130. OMB

Office of Management and Budget, USA
(Science and Public Policy, vol 19, no 6, p 339)

131. Ordinal data type

Scale assessment: e.g. as in selecting one that best describes a situation: 1. not important,
2. somewhat important, 3. important, 5. very important (Oslo, 127)

132. OSTP

Office of Science and Technology Programs
(Science and Public Policy, vol 19, no 6, p 339)

133. OTA

Office of Technology Assessment, USA (Science and Public Policy, vol 19, no 6, p 334)

134. Patents, Domestic

The number of patents taken out in a country by residents of that country. This is a measure of innovative activity within the country. (Science and Public Policy, vol 19, no 5, p 272)

135. Patent, External

The number of patents that residents of a country take out in other countries. (Science and Public Policy, vol 19, no 5, p 272)
Represents corporate assessments of a country's ability to use and market a technology (Science and Public Policy, vol 19, no 5, p 272)

136. Partially Convergent Indicators

If several indicators, each of which only partially describes a phenomenon, all lead to the same conclusion, then that conclusion can be taken as valid (Science and Public Policy, vol 19, no 5, p 264)

137. PNP

The proportion of sales due to new products (Oslo, 152-5, 161)

138. PNP

Private Non-Profit (Frascati, 42)
Charitable foundations, voluntary health organizations, scientific and professional societies, and other organizations not established to earn profits (Resource, vol 1, p. 39)

139. Political nature of science and indicators (paper))

A paper by John de la Mothe, Science and Public Policy, vol. 19, no. 6, pp. 401-6).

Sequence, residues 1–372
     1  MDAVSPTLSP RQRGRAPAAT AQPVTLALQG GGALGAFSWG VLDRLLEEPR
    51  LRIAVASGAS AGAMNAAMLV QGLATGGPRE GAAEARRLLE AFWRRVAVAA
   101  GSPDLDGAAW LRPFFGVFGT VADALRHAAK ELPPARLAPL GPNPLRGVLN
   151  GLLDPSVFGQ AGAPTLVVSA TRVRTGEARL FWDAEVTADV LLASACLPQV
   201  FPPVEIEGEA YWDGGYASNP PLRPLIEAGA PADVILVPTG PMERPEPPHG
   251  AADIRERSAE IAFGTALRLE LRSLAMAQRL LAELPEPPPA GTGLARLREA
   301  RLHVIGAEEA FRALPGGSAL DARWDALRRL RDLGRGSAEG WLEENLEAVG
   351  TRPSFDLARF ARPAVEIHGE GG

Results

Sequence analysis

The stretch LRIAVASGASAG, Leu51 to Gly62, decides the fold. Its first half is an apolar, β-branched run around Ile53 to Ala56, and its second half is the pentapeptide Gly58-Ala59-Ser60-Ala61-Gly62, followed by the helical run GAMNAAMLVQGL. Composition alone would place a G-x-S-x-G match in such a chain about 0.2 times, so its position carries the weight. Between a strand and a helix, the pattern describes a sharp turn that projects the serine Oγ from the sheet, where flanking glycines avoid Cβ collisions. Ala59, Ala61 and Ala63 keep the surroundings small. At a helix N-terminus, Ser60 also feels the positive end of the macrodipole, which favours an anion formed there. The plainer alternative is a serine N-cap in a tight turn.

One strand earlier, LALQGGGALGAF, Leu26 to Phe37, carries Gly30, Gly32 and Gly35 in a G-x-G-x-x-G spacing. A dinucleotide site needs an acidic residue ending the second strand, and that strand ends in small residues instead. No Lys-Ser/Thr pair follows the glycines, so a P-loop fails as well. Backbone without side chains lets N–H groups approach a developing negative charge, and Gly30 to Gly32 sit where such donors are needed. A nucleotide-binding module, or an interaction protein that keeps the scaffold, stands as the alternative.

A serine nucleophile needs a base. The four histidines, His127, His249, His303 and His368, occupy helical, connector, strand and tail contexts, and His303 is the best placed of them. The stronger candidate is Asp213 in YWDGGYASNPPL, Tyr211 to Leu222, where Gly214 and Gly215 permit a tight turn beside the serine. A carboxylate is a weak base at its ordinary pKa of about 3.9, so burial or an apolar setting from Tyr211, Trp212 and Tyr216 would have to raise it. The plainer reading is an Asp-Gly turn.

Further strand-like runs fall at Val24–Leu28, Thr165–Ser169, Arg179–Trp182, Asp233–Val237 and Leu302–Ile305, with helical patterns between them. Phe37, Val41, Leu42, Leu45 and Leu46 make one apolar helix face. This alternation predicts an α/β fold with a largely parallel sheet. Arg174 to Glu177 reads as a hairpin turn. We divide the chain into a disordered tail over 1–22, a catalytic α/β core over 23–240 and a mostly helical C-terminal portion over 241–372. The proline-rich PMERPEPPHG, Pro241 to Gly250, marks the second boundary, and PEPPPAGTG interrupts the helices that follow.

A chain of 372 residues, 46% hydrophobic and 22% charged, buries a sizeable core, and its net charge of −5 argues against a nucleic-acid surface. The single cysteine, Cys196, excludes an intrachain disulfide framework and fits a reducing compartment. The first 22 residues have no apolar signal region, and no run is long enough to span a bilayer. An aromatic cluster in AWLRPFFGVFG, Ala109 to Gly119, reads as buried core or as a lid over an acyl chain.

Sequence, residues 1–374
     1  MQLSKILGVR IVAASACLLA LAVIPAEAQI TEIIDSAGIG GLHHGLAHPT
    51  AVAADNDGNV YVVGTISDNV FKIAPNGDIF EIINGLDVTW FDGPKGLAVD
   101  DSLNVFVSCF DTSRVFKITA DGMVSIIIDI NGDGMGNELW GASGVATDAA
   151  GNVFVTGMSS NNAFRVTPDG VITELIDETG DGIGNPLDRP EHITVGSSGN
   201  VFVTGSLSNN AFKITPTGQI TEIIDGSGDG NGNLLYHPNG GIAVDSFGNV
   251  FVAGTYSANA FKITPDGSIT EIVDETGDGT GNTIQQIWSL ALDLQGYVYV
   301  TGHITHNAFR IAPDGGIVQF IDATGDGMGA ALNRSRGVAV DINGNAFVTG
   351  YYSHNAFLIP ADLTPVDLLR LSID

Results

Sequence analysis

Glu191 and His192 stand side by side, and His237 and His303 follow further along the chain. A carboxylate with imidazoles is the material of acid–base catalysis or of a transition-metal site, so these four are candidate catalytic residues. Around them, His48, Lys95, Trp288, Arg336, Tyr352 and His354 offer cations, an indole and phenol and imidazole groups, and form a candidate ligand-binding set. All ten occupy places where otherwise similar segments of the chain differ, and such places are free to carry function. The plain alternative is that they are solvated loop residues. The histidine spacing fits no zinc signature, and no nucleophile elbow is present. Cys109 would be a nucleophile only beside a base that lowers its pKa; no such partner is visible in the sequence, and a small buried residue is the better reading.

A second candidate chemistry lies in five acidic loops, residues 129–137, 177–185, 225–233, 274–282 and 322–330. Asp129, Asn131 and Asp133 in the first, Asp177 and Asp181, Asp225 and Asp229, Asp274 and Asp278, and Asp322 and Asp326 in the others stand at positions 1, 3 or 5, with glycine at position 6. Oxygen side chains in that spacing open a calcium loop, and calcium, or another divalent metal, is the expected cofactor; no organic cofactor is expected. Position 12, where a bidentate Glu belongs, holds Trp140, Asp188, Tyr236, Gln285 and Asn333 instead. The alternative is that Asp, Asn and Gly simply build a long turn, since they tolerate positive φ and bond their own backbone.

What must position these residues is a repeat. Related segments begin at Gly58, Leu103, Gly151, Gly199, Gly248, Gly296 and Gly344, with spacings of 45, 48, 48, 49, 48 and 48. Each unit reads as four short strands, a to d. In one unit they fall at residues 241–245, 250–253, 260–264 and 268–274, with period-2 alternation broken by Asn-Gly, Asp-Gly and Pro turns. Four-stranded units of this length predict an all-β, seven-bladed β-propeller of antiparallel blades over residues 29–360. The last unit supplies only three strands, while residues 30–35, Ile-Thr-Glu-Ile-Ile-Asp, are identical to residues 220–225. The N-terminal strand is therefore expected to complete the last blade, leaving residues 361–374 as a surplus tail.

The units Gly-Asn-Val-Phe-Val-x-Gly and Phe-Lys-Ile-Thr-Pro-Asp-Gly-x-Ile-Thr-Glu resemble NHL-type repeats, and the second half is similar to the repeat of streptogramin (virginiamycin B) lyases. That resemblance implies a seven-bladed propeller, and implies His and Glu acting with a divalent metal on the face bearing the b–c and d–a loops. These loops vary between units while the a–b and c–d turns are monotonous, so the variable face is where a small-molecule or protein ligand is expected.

Abstract: S&T indicators are an essential tool for policy-makers as such and have become a political issue. This paper traces the history of science indicators and their link to the world of politics. It concludes that nations which ignore S&T indicators do so to their detriment.
Headings: Science, `freedom' and politics; Science, priorities and public affairs; Science, indicators and policy.

140. PPP

Purchase Power Parity, (Resource, vol 1, p 41)
(Science and Public Policy, vol 19, no 5, p 312)

141. PRO

Provincial Research Organization, Canada, (Resource, vol 1, p 41)

142. Product Innovation

The commercialization of a technologically changed product. Technological change occurs when the design characteristics of a product change in ways which deliver new or improved services to consumers of a product. (Oslo, 7) (Science and Public Policy, vol 19, no 6, p. 387)

143. Major product innovation a product whose intended use, performance characteristics, attributes, design properties or use of materials and components differs significantly compared with previously manufactured products. Such innovation can involve radically new technologies, or can be based on combining existing technologies in new uses. (Oslo, 93)

144. Incremental product innovation an existing product whose performance has been significantly enhanced or upgraded. (See ref for more detail, Oslo 95)

145. Process Innovation

Occurs when there is significant change in the technology of the production of an item. This may involve new equipment, new management and organization method, or both. (Oslo, 8)